Termination of Canadian Employee in U.S. Gives Rise to Lawsuit in Ontario

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Recently the Court of Appeal for Ontario considered whether a wrongful dismissal action against his former employer should be tried in the state of Indiana instead of in Ontario.

In this case, the worker (a Canadian citizen) began his career in Canada. When his services were not needed in Canada, the company moved him to temporary jobs in the U.S. and agreed to find a permanent job for him in Canada when conditions there changed.

After 21 months in the U.S., he accepted a permanent job with the company managing one of its U.S. facilities. He was dismissed while working at a U.S. location. The plaintiff started his action in Ontario and the defendant moved for a stay of the action on the ground that Indiana, not Ontario, was the convenient forum to hear the action. The trial court granted the stay.

The Court of Appeal for Ontario reversed. According to the court, when deciding these motions, judges consider a list of factors including: the location where the contract in dispute was signed; the applicable law of the contract; the location of witnesses, especially key witnesses; the location where the bulk of the evidence will come from; the jurisdiction in which the factual matters arose; the residence or place of business of the parties; and the loss of a legitimate juridical advantage. When weighing these factors, the plaintiff’s choice of jurisdiction is given great deference, and “the existence of a more appropriate forum must be clearly established to displace the forum selected by the plaintiff.”

Here, the Court found that plaintiff’s connections to Ontario are strong: plaintiff resides there; two of the defendants reside there; some important witnesses reside there; the 2004 employment agreement was made there; and Ontario law applies to the agreement. Since plaintiff’s connections to Ontario were strong, the Court determined that he may legitimately claim the juridical advantages available in Ontario, including the right to reasonable notice of termination or pay in lieu.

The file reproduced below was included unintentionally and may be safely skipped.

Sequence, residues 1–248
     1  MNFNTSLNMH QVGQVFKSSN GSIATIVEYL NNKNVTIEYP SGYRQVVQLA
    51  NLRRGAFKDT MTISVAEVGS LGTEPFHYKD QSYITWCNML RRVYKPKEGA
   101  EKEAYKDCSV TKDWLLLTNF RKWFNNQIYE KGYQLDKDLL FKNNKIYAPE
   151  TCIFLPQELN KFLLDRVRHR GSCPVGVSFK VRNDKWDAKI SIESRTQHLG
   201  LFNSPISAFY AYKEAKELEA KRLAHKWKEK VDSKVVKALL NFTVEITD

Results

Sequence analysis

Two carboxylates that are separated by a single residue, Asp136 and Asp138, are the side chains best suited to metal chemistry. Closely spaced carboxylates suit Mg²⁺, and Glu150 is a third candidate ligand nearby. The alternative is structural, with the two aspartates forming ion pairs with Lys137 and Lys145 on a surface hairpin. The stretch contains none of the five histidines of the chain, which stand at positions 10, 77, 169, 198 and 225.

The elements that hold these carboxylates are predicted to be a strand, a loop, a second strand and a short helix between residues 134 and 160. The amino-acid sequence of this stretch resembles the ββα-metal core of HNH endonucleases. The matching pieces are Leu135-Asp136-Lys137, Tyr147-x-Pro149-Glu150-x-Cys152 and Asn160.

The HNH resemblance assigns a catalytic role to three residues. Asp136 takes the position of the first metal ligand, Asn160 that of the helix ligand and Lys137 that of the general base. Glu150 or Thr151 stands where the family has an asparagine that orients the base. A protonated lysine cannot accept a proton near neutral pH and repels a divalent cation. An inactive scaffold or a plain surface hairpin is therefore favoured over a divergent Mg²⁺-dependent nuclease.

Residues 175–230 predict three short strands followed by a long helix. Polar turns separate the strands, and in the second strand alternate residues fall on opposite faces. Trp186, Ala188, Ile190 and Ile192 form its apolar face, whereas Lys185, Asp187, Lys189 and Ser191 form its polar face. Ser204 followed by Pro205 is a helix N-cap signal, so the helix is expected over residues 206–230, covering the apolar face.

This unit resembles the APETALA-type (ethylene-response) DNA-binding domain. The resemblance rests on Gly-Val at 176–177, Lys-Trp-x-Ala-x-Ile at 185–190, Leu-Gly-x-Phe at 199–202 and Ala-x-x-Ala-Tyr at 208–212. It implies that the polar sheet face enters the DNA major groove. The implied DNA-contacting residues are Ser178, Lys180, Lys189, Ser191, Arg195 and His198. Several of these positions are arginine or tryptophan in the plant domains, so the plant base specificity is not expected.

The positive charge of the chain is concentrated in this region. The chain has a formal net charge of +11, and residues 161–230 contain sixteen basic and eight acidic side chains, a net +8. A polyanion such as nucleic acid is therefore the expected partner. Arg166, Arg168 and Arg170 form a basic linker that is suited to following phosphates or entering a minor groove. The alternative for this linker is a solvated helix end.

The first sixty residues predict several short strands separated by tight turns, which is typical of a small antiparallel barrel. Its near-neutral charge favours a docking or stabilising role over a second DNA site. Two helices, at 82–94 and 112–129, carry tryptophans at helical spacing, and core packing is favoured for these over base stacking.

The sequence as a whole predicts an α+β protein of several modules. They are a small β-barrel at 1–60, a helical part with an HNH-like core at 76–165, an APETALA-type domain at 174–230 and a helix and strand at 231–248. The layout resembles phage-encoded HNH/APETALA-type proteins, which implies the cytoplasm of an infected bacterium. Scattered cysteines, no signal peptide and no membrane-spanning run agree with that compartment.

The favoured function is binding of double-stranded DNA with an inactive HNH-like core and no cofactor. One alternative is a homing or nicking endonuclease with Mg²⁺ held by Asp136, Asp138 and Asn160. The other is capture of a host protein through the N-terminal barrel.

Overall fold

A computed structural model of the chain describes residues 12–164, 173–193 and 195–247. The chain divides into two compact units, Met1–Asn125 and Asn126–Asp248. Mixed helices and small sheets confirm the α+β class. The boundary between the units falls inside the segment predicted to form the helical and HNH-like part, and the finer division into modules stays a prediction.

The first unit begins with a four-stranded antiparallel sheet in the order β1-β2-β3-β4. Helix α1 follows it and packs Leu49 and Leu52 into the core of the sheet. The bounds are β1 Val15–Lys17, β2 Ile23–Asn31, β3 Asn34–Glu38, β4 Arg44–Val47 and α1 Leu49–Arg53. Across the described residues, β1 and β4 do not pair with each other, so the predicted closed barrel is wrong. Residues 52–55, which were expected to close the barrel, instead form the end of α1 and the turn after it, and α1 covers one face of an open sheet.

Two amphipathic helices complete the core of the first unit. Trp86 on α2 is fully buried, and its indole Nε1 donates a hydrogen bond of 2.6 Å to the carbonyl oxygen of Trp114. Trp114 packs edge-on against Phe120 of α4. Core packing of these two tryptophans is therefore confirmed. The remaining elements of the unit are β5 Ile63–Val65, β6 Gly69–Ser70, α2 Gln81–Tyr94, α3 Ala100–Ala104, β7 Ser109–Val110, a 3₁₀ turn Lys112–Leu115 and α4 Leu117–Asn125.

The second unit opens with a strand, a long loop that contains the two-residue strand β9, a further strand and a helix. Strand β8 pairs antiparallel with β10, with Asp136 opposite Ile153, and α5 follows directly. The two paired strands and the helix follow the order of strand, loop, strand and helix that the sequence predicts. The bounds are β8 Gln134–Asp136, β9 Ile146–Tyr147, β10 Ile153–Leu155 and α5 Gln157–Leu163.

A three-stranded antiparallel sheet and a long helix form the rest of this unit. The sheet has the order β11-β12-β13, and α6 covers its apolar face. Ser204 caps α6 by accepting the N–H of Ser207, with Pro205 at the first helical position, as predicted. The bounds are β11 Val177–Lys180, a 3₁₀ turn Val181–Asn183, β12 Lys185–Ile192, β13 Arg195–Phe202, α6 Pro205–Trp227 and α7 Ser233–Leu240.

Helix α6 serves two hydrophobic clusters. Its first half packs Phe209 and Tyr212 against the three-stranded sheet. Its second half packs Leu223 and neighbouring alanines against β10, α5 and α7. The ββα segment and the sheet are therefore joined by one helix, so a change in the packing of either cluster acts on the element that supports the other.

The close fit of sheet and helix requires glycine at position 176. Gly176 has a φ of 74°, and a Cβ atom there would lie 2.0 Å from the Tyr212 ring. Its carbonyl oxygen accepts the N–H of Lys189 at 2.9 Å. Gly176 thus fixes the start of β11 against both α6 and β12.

Given this decision, U.S. companies doing business in Canada should ensure that they are familiar with Canadian employment laws. Further, U.S. companies should be prepared to produce information related to the above factors to demonstrate that their cases are more appropriately heard in the U.S.

Disclaimer: This Litigation and Dispute Resolution Law Alert is provided for informational purposes only and is not intended to serve as or provide legal advice relating to a particular matter. If you would like to discuss a litigation, arbitration or dispute matter please contact Jon P. Yormick, Managing Attorney, [email protected], Jason B. Desiderio, Associate,[email protected], or Nicholas A. Panagopoulos, II, Associate, [email protected], or call toll free(U.S. and Canada) at +1.866.967.6425.


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